Anatomy of economic underdevelopment of Lyaluyi area, 1890-1924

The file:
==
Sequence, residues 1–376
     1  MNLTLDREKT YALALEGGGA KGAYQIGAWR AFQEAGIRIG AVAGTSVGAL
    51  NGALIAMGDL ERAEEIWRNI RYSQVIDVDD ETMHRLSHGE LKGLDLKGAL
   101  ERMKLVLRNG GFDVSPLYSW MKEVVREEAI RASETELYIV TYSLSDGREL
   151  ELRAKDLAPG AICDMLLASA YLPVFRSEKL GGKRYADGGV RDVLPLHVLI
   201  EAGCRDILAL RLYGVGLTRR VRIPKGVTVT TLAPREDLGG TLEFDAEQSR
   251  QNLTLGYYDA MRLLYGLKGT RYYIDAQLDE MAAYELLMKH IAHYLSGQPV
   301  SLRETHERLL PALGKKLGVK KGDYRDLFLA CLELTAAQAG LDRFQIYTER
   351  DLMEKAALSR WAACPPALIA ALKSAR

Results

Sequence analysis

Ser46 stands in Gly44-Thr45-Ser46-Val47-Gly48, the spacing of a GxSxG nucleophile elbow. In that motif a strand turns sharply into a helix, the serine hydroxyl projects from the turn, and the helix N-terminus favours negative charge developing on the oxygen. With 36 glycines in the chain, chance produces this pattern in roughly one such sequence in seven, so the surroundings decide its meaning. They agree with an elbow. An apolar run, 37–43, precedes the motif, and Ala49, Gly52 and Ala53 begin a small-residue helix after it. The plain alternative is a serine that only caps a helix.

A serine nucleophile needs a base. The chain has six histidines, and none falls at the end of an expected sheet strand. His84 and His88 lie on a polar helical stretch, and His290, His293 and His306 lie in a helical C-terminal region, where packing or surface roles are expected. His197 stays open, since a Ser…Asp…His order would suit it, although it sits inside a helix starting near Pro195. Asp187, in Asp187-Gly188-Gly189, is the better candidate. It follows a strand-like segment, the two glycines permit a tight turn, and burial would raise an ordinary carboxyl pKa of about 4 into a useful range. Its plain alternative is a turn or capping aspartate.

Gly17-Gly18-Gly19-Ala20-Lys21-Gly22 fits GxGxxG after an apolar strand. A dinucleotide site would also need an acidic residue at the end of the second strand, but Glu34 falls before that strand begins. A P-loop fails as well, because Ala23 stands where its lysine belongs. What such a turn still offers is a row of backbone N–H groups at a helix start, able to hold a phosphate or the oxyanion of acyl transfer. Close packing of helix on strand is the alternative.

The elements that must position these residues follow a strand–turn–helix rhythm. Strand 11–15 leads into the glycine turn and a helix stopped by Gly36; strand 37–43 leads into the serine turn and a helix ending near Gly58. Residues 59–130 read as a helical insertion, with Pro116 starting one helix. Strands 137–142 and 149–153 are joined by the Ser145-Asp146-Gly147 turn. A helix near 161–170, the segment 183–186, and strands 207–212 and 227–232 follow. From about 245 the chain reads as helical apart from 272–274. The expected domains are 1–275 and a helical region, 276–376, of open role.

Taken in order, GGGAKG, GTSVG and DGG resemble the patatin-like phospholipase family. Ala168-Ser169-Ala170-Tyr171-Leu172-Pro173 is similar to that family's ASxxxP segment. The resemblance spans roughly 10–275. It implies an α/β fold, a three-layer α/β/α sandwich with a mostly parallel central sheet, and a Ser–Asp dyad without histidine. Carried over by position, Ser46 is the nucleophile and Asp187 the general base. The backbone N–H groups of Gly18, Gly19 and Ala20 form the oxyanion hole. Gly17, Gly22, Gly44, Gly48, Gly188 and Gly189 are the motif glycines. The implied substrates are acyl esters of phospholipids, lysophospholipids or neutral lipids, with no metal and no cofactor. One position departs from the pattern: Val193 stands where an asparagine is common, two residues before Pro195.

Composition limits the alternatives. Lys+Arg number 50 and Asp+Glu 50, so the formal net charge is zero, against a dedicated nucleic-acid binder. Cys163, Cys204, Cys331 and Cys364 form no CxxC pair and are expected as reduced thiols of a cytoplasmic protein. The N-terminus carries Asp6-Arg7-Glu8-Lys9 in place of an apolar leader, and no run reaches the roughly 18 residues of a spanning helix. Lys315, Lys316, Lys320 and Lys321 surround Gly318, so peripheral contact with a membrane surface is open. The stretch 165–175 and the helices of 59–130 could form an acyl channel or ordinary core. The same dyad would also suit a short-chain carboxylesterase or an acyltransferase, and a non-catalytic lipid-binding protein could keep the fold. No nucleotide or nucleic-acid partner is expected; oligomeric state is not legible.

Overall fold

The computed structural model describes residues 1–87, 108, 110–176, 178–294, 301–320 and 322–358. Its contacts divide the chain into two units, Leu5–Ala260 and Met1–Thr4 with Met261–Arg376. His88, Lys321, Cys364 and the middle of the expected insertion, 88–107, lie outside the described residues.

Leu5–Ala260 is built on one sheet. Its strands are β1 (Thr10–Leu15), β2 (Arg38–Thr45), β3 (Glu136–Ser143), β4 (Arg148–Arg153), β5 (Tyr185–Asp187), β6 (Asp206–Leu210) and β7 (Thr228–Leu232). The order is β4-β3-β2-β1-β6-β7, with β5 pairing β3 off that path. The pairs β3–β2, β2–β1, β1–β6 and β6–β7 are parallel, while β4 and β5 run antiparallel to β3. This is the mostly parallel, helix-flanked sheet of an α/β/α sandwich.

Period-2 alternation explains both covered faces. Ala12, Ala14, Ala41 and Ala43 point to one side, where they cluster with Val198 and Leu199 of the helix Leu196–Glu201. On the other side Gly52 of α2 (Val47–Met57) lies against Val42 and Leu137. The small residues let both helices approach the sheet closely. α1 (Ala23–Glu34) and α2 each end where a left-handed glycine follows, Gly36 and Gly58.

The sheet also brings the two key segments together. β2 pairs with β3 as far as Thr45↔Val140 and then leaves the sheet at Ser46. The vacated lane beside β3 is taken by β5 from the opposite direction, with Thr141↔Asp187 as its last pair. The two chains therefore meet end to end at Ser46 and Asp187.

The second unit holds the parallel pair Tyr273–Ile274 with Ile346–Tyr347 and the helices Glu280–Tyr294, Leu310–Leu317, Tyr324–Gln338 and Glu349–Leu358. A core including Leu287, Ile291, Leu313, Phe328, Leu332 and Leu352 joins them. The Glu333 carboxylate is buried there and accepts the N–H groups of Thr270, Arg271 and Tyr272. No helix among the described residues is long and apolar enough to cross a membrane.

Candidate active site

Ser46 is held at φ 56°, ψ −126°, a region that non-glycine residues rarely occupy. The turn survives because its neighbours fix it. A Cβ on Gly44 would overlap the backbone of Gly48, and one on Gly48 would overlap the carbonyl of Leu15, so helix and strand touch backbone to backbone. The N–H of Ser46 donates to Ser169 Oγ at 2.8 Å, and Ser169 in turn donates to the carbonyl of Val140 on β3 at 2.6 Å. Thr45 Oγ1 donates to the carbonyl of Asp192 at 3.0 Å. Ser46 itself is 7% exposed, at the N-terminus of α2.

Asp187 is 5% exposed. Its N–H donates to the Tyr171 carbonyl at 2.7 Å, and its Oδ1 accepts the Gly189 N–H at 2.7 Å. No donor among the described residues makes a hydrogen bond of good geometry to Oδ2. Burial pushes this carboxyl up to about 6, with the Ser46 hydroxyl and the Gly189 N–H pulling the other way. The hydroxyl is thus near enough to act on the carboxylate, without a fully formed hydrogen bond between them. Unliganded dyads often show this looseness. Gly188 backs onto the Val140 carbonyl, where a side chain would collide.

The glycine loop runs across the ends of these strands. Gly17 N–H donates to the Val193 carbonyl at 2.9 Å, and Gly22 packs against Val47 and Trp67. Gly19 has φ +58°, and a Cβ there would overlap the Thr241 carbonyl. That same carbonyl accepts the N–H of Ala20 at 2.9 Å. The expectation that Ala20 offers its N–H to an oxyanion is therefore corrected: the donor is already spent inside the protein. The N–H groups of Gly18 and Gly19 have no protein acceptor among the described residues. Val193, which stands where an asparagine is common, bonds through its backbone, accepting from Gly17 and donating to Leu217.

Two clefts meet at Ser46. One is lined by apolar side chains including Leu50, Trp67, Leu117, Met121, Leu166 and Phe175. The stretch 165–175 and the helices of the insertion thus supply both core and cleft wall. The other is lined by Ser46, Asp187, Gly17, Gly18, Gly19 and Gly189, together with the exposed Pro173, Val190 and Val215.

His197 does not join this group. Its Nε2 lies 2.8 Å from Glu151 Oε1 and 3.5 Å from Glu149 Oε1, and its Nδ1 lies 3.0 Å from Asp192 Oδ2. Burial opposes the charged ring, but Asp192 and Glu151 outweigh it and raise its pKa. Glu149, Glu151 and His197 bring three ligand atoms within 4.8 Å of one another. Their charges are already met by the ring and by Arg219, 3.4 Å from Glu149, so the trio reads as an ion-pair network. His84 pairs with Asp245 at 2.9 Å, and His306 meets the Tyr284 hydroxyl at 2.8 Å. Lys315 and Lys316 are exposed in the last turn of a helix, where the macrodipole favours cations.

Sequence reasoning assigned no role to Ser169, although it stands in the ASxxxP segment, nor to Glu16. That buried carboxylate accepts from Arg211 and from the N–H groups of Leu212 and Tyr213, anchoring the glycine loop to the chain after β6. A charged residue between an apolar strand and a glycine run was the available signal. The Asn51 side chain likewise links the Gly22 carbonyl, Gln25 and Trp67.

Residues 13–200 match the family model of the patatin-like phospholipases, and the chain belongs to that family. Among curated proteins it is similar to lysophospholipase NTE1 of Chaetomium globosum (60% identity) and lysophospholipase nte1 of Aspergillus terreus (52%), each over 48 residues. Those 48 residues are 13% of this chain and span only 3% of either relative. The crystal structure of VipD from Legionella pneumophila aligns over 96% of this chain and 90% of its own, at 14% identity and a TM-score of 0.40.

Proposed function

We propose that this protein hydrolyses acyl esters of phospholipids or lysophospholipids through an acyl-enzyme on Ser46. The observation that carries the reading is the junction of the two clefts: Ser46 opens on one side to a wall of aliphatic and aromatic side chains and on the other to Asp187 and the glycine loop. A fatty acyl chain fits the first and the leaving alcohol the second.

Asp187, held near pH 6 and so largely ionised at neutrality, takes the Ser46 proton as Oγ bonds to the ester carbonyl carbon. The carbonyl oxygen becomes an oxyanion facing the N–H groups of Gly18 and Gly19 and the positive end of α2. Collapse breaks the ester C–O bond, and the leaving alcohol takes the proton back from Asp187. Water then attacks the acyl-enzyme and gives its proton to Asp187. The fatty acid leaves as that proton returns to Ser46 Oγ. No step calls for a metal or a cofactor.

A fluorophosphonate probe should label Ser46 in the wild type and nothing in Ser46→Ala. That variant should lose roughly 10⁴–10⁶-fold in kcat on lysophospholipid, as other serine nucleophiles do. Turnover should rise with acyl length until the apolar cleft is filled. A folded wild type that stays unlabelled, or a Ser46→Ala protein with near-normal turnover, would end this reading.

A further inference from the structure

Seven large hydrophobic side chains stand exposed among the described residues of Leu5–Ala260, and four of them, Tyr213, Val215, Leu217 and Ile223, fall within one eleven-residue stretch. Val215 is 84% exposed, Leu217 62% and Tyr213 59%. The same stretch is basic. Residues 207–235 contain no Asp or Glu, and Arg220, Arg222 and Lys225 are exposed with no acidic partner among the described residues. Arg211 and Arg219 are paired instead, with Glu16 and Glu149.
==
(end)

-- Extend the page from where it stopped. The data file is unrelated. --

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As this dissertation includes a preface, what prompted the development of this study appears in the preface. The abstract briefly focuses attention on the following content. This study is a contribution to the current debate on underdevelopment. The area under review is Lyaluyi in the western province of Zambia. The study amplifies the dominant role of the British South African company (BSAC) capitalist policies and practices in firmly planting the roots of economic underdevelopment in Lyaluyi area in particular, and Bulozi as a whole. The focal point of the BSAC’s strategy of economic underdevelopment was that it had set out to frustrate the progress of any sector of the Malozi economy which threatened to diminish the role of Bulozi as a source of cheap and regular labour for capitalist economic enterprises, particularly in Southern Rhodesia (SR) during the first quarter of the 20th century.The study highlights how the monetary system ruined the Malozi economy and led it to paths that no longer served its own internal reproduction, but fulfilled the needs of capitalism. Cattle keeping (pivot of Malozi economy) was deliberately and seriously dislocated. Agricultural and technological development was also consciously misdirected and retarded. There were also price and trade manipulations. Furthermore, double tax in the same year for recruited migrants, while they were predominantly working in SR and when they returned to Bulozi; and tax payment for the so called concubines, contributed considerably to the economic misery and underdevelopment of Lyaluyi area, Bulozi and Zambia as a whole. Worse still, the so called Malozi Trust Fund (MTF) was essentially for paying the salaries and pensions of the BSAC European functionaries. Capitalist education natural served the economic and ideological interests of capitalism. For instance, the so-called Barotse national School (BNS) was a skillful extension of the Public works Department. Essentially the BNS produced allies and tools of a capitalist cause who graduated as a misfit in the dynamics of the Malozi society.The central argument of the study is that the BSAC managed unequivocally, to change the direction of the Malozi society from that society’s own objectives and goals to those of the company. And once this was done, the path of distorted, irrelevant and superficial development was firmly based. This is the essence of underdevelopment. This study has another objective. It develops a methodology (positive romanticism) which demonstrates that romanticism and nostalgia are not only morale-booster or escapism; they may be used as positive tools of development while, at the same time,the victims of negative romanticism and nostalgias are helped to drill out that negative aspect of their life. The intimate relationship between methodology, ideology and nationalism is stressed and the so-called academic neutrality is scoffed at. Antagonistic ideologies and classes do not produce neutral scholars anywhere. This is essentially interpretative, based on documentary and oral data. The foremost contribution of this study is to expose the historical capitalist conspiracy against sorghum agriculture in Lyaluyi area. Secondly, this study amplifies capitalist roots of irrelevant education in Lyaluyi area, with particular reference to the misdirection and retardation of technological development. Thirdly, the study highlights the negative aspects of price and trade mechanism so that the party and its Government may pull up its socks; while working against the current adverse effects of price and trade intricacies. Fourthly, this study effectively argues in favour of developing history for decolonization or liberalization of the mind rather than domestication of the mind. A liberated mind develops viable strategies for social development of which economic development is a facet.An important point emerges from the implications of this study. Capitalist BSAC; capitalist neo-colonialist policies, economics and scholarship (to mention only a few) are all birds of the same feathers: exploitative capitalist ideology. To regard neo-colonialist scholarship as an exception is to be a victim of education for self-defeat. A real fight against neo-colonialist social formation does not exclude neo-colonialist scholarship and its allies and tools. Institutionalized capitalist (stiff and demoralized) competition, elimination, monopoly and self-preservation is not confined to the field of neo-colonialist economics.